Asparagus My Choice Vegetable for April!

Garlicky Asparagus:

It rained here in Encino all day Sunday and I loved it.  It also gave me some much needed down time to think about what I love to do most, besides hanging out with my family, it’s coming up with new recipes and cooking all day. The kids were cool with just chilling at home and we spent the day kicking it hard.  Me in the kitchen and feeding the family yummy dishes as I tried new things and some old.  I love days like these when I have time to just hang with the family no running out to do anything! Lazy days like this come few and far between, so when they come I stop to appreciate just being in the moment.  Being in the moment sounds like a great theme for the month of April?

I absolutely love vegetables. Lately, I’ve been having my own internal challenge cooking great tasty vegetable dishes. Veggie are so versatile and taste so good if you know what to do with them. Let’s see how many great dishes we can come up with using asparagus?

Ali in the Valley

Photo by: Ali

Recipe for Garlicky Asparagus:


1 pound (1 bunch) fresh asparagus, bottoms trimmed if necessary 2 tbsp olive oil 1 tbsp water 4 cloves garlic, peeled and cut in half salt and pepper to taste shaved Parmesan cheese (optional)

Preparation: In a large sauté pan with a lid, on high heat, add the asparagus, olive oil, water, and garlic. Cook for about 2 minutes uncovered, or until the water has almost evaporated. Toss the asparagus with tongs, cover the pan and cook for 1 minute. Remove the lid and toss the asparagus again. Put the lid back on and repeat until the asparagus are crisp-tender, about 5 minutes. The asparagus may brown slightly in spots, which adds to the pan-roasted flavor. Add salt and pepper. Serve hot.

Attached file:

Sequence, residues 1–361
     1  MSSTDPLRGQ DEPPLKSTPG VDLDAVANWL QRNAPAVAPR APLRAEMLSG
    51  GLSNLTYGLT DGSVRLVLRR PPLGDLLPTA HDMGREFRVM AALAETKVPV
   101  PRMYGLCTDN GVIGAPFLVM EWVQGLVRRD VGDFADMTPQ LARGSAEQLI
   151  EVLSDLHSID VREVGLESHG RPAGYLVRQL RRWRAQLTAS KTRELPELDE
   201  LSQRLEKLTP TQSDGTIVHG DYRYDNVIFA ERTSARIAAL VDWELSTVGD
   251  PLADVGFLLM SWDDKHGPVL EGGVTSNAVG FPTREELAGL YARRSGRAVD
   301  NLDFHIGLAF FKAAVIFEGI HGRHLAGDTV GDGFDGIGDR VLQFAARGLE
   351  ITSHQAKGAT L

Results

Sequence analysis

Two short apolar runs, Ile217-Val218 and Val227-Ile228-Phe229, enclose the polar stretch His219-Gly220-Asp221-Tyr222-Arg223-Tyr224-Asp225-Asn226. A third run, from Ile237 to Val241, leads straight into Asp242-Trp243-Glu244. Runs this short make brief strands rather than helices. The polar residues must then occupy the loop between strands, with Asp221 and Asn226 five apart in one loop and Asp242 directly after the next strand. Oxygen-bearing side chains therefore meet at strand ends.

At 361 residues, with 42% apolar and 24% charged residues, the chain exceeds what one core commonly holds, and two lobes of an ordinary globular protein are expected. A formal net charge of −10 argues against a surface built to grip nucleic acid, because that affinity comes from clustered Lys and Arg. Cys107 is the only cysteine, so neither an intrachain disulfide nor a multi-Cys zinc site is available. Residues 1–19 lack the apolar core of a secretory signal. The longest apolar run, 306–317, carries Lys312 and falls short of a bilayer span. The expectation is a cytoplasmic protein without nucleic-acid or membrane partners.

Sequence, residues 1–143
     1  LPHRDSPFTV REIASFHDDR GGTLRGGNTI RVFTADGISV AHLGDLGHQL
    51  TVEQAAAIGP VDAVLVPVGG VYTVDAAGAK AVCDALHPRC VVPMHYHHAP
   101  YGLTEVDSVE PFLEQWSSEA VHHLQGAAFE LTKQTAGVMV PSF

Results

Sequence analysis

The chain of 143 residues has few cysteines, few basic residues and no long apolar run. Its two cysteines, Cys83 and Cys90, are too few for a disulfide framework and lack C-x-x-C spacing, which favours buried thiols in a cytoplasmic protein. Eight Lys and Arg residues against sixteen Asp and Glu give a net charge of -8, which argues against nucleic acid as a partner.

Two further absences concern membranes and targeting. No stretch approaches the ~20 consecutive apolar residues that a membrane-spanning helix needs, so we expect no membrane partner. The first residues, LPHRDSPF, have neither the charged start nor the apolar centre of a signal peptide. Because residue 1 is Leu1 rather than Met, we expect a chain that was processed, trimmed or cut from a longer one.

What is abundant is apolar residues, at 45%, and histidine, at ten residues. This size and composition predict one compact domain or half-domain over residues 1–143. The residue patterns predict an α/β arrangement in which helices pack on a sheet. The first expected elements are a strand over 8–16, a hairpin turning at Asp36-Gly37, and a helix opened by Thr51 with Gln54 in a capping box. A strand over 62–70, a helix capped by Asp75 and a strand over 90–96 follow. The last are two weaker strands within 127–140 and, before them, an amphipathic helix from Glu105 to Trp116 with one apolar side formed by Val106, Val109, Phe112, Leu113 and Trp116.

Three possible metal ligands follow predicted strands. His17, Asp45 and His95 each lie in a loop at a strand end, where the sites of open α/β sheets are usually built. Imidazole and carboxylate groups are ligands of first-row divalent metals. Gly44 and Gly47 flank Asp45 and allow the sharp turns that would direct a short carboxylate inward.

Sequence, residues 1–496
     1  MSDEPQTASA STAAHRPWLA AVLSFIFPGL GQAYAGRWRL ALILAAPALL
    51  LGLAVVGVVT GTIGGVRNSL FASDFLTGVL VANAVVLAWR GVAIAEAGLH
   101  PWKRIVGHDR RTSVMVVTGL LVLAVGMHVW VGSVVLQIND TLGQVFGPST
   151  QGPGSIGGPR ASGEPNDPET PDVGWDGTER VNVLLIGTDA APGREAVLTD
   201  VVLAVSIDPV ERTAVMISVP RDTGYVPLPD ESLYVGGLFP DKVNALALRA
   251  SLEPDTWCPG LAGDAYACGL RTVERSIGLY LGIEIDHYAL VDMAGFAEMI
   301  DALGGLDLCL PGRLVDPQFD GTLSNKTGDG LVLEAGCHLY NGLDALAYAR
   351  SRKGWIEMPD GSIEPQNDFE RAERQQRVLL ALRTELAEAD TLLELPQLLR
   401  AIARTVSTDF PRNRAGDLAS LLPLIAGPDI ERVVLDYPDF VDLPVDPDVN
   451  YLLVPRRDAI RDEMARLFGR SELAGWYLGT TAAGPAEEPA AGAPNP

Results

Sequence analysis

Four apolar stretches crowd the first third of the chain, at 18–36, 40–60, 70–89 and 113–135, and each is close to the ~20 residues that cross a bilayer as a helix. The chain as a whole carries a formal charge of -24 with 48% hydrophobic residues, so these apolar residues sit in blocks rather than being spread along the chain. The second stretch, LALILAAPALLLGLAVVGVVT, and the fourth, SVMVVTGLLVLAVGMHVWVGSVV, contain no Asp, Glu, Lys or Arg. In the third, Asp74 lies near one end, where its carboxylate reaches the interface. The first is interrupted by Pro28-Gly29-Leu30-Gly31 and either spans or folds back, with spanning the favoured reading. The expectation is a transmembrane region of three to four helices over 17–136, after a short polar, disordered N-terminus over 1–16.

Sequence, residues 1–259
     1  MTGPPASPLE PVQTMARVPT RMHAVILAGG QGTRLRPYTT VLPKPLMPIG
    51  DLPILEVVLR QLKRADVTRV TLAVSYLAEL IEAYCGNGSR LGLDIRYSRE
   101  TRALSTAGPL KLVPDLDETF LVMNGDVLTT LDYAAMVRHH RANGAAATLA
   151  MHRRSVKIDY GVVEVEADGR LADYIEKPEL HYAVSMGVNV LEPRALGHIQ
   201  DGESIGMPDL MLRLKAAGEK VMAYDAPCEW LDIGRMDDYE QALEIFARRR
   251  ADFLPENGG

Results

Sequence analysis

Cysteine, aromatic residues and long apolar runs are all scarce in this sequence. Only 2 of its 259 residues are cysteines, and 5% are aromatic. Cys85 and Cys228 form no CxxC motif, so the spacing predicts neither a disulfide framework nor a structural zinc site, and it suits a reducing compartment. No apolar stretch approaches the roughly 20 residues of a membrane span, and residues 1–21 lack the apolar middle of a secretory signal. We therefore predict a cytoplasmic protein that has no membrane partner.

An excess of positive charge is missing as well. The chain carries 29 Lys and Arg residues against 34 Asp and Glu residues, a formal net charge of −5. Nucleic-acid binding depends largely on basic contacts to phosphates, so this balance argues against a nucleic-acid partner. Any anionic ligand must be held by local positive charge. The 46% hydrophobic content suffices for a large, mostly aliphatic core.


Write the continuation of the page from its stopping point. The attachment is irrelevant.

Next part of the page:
This is delicious garnished with shaved Parmesan cheese.

Information on Asparagus:

Asparagus officinalis is a spring vegetable, a flowering perennial plant species in the genus Asparagus. It was once classified in the lily family, like its Allium cousins, onions and garlic, but the Liliaceae have been split and the onion-like plants are now in the family Amaryllidaceae and asparagus in the Asparagaceae. Asparagus officinalis is native to most of Europe, northern Africa and western Asia and is widely cultivated as a vegetable crop.


Already about 20,000 years ago, asparagus was eaten near Aswan in Egypt. It has been used as a vegetable and medicine, owing to its delicate flavour, diuretic properties, and more. It is pictured as an offering on an Egyptian frieze dating to 3000 BC. Still in ancient times, it was known in Syria and in Spain. Greeks and Romans ate it fresh when in season and dried the vegetable for use in winter; Romans would even freeze it high in the Alps, for the Feast of Epicurius.

Asparagus is low in calories and is very low in sodium. It is a good source of vitamin B6, calcium, magnesium and zinc, and a very good source of dietary fiber, protein, vitamin A, vitamin C, vitamin E, vitamin K, thiamin, riboflavin, rutin, niacin, folic acid, iron, phosphorus, potassium, copper, manganese and selenium as well as chromium, a trace mineral that enhances the ability of insulin to transport glucose from the bloodstream into cells. The amino acid asparagine gets its name from asparagus, as the asparagus plant is rich in this compound.

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